Late-flowered mariposa lily
Club-haired mariposa lily
Slender mariposa lily
Small-flowered calycadenia
Dwarf western rosinweed
San Luis Obispo sedge
Santa Barbara jewelflower
Blakeley’s spineflower
San Luis Obispo spineflower
Prickly spineflower
San Fernando Valley spineflower
Monterey larkspur
Mt. Pinos larkspur
Umbrella larkspur
Yellow woollystar
Butterworth’s buckwheat
Southern alpine buckwheat
Fort Tejon woolly sunflower
Talus fritillary
Ojai fritillary
San Benito fritillary
Fragrant fritillary
Cone Peak bedstraw
Hardham’s bedstraw
Santa Lucia bedstraw
Pale-yellow layia
Jones’s layia
San Luis Obispo lupine
Carmel Valley malacothrix
Flax-like monardella
Palmer’s monardella
Baja pincushionplant
Rock Creek broomrape
Dudley’s lousewort
Meager pygmydaisy
Hooked popcornflower
Nuttall’s scrub oak
Adobe sanicle
Cuesta Pass checkerbloom
Hickman’s checkerbloom
Parish’s checkerbloom
Southern jewelflower
Most beautiful jewelflower
Santa Ynez false lupine
Santa Lucia fir
Abrams’ oxytheca
Hoover’s bentgrass
Hickman’s onion
Mt. Pinos onion
Smooth baccharis
Dwarf goldenstar
Hardham’s evening-primrose
Muir’s tarplant
Mojave Indian paintbrush
Lemmon’s wild cabbage
Dwarf soaproot
Jolon clarkia
San Gabriel alumroot
Coast horkelia
Wedgeleaf horkelia
Pumice alpinegold
California satintail
Southern honeysuckle
Bush mallow
Peninsular beargrass
Cook’s triteleia
Caperfruit tropidocarpum
Goosefoot yellow violet
Santa Lucia horkelia
California saw-grass
Tear drop moss
Shevock’s copper moss
Kellman’s bristle moss
Santa Lucia dwarf rush
Ross’ pitcher sage
Ojai navarettia
Urn-flowered alumroot
Chickweed starry puncturebract
San Bernardino aster
Sonoran maiden fern

Other Species of Interest

California black bear
Coast redwood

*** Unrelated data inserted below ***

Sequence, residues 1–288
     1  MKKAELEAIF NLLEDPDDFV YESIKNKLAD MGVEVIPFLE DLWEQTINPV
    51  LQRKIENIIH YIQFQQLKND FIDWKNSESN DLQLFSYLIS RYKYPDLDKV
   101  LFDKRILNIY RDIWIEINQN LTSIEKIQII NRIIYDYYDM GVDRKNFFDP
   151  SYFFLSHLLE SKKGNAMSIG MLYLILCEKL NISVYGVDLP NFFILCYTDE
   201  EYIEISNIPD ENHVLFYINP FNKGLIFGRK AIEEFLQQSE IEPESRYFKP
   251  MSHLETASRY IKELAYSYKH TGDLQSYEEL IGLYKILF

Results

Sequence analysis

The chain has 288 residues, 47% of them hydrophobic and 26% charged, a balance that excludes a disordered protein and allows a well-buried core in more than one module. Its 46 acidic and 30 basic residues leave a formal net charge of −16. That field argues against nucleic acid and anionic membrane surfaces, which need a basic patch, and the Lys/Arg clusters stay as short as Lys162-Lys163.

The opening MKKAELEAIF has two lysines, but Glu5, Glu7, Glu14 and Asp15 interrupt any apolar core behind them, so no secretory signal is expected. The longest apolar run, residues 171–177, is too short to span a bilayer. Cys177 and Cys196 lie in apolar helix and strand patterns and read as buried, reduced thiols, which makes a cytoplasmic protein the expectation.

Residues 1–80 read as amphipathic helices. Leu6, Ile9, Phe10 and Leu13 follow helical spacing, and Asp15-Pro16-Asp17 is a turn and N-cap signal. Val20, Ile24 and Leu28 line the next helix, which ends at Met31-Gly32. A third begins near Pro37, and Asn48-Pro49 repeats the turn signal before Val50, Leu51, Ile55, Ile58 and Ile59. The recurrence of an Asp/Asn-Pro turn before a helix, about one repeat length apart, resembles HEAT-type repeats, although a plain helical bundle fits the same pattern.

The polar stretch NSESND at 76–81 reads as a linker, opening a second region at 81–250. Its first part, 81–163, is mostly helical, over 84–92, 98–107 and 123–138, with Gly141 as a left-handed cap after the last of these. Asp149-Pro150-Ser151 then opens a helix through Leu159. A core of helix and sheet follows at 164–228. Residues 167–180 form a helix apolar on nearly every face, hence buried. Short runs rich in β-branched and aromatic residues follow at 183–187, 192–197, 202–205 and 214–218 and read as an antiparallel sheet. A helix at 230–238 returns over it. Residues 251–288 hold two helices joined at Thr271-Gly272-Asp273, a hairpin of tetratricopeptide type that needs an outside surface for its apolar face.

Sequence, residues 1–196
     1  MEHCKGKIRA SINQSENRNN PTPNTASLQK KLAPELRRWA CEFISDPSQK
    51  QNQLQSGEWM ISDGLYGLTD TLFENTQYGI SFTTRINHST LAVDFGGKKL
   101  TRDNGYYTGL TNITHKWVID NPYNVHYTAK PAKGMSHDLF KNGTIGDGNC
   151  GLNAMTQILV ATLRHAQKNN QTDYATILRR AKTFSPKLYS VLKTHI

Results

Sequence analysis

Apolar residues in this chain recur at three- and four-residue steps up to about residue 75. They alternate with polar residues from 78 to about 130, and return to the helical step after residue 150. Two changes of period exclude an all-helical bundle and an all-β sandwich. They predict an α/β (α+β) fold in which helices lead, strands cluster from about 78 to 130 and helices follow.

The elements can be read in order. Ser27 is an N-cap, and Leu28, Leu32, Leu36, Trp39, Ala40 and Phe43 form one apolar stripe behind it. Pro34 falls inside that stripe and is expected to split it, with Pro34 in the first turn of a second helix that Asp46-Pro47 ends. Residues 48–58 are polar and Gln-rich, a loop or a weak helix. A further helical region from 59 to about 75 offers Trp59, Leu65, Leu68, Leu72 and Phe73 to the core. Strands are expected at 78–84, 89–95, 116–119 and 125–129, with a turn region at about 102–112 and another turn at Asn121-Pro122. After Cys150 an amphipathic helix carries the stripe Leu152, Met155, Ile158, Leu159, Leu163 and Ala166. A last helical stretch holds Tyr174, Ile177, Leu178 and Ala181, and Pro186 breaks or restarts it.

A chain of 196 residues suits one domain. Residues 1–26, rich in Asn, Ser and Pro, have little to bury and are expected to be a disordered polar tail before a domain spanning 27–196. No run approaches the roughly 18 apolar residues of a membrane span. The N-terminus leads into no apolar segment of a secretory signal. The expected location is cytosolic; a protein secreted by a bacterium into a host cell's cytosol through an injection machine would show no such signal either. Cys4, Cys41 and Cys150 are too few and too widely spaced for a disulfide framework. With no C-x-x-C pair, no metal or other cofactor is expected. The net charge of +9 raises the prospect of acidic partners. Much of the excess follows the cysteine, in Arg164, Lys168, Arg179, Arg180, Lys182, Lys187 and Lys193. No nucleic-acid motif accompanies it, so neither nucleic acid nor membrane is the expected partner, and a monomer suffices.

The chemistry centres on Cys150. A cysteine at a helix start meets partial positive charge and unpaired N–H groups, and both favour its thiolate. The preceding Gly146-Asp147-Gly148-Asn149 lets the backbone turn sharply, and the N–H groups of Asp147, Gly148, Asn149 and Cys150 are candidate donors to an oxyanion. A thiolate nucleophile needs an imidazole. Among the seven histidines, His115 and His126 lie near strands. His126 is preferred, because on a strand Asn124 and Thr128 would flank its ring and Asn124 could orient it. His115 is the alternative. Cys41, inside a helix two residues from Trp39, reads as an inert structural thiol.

Pronghorn antelope
Tule elk

Management indicator species

Management Indicator Species (“MIS”) are plants and animals that are monitored by the U.S. Forest Service because they indicate the effects of land use activities on the Los Padres National Forest. When monitoring indicates that their populations are declining, the Forest Service knows to make adjustments to how it manages the area. The Los Padres National Forest contains twelve MIS, including:

Mountain lion
Mule deer
Arroyo toad
Song sparrow
Blue oak
Engelmann oak
Valley oak
Bigcone Douglas-fir
Coulter pine
California spotted owl
California black oak
White fir

California fully protected species

The State of California has classified certain wildlife species as “Fully Protected,” which means that they may not be killed or “taken” at any time. The classification of Fully Protected was the State’s initial effort in the 1960s to identify and provide additional protection to those animals that were rare or faced possible extinction.

Unarmored threespine stickleback
Blunt-nosed leopard lizard
American peregrine falcon
California brown pelican
California condor
California least tern
Golden eagle
Greater sandhill crane
Southern bald eagle
White-tailed kite
Bighorn sheep
Ring-tailed cat
Southern sea otter
Northern elephant seal